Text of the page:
AFI Fest Film Review: A Most Violent Year (★★★½)


a most violent header poster

AFI Film Festival 2014: Destined to be richly admired than outright loved, J.C. Chandor’s A Most Violent Year is a cold, methodical, brilliant gangster film that plunges so deep into the well of Americana darkness that it becomes impossible not to see your own reflection staring back at you from time to time. This film has no room for buckets of violence, explosive melodrama, predictable assassinations, or any of the other tropes that have turned a once devoutly respected genre into little more than entertaining farce. Chandor is concerned with nuance, with motivation, with that integral bridge linking good and evil. When it comes to living the American Dream, attaining it isn’t nearly as difficult as preserving its sanctity…or your own code of ethics for that matter. Guided by spellbinding performances from every member of its cast – especially Oscar Isaac, who once again deserves serious awards consideration for beautifully grounded work – A Most Violent Year shows us the tragic inevitability of crime once the fear of failure seeps into the mind and spreads like cancer.

It is the winter of 1981 and New York City is in shambles. Its streets have become playgrounds for the criminal kingpins and their proxies. Entire neighborhoods, once thought to be safe havens, have now transformed into dilapidated ruins. Then there is Abel Morales (Oscar Isaac), an immigrant turned entrepreneur who is one major deal away from controlling it all. His home service company, Standard Heating Oil, can be New York’s salvation…but only at a high price his customers can’t refuse. Business is difficult but booming, and it doesn’t go unnoticed to his competitors that Morales’ “spend high for high quality” mantra seems to be working out just fine. In fact, maybe a little better than “fine” considering the trucks Morales uses to ship the oil have been robbed as of late. Financed by local gangsters who no doubt cannot stand the idea of Morales climbing up the capitalism ladder, these mercenaries go to great lengths to intimidate Morales into submission.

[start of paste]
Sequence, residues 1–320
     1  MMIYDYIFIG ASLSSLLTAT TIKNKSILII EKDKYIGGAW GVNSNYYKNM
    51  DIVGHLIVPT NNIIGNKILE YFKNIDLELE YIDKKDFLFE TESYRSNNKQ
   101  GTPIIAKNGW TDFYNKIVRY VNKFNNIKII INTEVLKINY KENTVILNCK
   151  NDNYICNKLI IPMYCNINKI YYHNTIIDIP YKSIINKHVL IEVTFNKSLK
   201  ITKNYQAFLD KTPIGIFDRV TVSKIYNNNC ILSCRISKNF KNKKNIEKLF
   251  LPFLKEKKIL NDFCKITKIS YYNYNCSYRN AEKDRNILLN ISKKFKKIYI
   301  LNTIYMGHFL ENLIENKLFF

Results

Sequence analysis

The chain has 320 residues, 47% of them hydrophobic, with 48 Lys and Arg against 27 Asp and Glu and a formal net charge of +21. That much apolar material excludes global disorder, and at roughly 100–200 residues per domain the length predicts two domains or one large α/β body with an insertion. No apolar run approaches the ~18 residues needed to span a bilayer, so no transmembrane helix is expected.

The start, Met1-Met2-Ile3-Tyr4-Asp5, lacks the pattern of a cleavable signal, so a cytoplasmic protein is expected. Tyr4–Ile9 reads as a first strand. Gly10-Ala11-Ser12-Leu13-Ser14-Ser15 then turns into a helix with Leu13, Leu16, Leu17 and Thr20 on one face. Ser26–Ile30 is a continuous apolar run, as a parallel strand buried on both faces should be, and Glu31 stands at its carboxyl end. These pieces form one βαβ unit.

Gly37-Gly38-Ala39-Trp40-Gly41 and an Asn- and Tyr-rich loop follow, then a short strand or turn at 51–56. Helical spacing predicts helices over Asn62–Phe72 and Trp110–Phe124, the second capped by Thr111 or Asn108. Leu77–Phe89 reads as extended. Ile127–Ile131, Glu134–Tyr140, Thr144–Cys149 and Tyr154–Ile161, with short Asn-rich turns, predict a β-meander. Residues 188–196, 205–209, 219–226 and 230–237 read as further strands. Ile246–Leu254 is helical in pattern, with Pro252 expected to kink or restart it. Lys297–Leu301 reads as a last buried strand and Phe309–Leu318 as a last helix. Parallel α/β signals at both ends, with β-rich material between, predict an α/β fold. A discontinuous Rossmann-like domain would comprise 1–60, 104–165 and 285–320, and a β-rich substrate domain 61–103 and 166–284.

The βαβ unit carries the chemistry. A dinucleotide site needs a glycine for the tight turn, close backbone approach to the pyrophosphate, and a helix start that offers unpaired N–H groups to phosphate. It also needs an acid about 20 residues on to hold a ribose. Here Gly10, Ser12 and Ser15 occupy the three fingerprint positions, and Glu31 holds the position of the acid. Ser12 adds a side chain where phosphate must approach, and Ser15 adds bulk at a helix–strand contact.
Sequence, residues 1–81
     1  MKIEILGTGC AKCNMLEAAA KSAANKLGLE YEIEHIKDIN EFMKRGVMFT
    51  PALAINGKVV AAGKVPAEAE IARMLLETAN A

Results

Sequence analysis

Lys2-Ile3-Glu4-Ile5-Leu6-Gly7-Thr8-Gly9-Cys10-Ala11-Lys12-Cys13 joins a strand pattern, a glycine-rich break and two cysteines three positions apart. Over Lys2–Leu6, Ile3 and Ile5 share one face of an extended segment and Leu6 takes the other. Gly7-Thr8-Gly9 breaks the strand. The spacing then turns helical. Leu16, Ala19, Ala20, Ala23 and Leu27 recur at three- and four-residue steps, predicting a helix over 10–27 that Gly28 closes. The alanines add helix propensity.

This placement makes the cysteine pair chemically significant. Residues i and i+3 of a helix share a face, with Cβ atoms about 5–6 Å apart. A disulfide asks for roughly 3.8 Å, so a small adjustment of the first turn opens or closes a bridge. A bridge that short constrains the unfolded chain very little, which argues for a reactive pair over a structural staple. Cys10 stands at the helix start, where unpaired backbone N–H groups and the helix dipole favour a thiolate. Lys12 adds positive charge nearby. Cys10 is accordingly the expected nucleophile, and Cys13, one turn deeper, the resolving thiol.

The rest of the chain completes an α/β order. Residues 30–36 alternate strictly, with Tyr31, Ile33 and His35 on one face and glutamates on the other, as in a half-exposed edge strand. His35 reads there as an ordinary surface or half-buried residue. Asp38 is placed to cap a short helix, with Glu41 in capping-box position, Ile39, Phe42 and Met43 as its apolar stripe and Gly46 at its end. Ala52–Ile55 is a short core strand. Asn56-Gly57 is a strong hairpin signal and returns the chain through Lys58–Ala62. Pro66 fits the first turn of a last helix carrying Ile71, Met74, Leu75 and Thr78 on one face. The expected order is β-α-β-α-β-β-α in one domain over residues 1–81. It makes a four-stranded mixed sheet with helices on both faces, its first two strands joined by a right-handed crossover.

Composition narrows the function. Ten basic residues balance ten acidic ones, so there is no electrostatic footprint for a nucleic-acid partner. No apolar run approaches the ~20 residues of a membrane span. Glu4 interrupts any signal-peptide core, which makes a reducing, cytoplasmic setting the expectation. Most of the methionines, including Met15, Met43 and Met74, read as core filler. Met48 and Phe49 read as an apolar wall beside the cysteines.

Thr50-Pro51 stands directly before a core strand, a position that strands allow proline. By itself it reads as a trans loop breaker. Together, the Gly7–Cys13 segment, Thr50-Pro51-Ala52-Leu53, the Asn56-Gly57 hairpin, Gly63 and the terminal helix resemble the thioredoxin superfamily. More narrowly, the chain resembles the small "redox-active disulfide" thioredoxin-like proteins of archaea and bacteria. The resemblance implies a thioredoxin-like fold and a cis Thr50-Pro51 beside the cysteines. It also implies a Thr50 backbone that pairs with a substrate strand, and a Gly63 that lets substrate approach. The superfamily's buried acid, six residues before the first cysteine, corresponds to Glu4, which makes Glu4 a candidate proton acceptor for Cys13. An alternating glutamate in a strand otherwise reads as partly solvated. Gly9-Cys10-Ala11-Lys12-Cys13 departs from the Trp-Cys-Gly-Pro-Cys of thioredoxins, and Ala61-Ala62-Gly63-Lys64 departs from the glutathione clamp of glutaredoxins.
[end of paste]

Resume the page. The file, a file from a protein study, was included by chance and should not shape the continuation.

Oscar Isaac may look like a young Al Pacino, but he gives his own human spin on moral disintegration.
Oscar Isaac may look like a young Al Pacino, but he gives his own human spin on moral disintegration.

But these robberies are just a minor bump in the road, right? After all, Abel is about to purchase a huge chunk of real estate to serve as the headquarters for Standard Heating Oil, an investment made with nearly his entire life savings. Unfortunately, Abel is hit with some detrimental news not long after signing a 30-day completion of sale contract with the property’s former owner, Josef (Jerry Adler). Apparently a young, politically motivated district attorney named Lawrence (David Oyelowo) is days away from indicting Morales and his company for several counts of fraud and tax evasion. Lawrence gives Morales a courteous “heads up” after Abel begs the DA to help him put a stop to the truck hijackings. Lawrence refuses and now Morales is looking at a serious blow to his reputation if the news leaks that he’s being investigated for multiple counts of financial crime. As we all know, New York City is a big place but word gets around extremely fast. For the life of him, Abel can’t seem to outrun the very city he’s fighting to thrive in.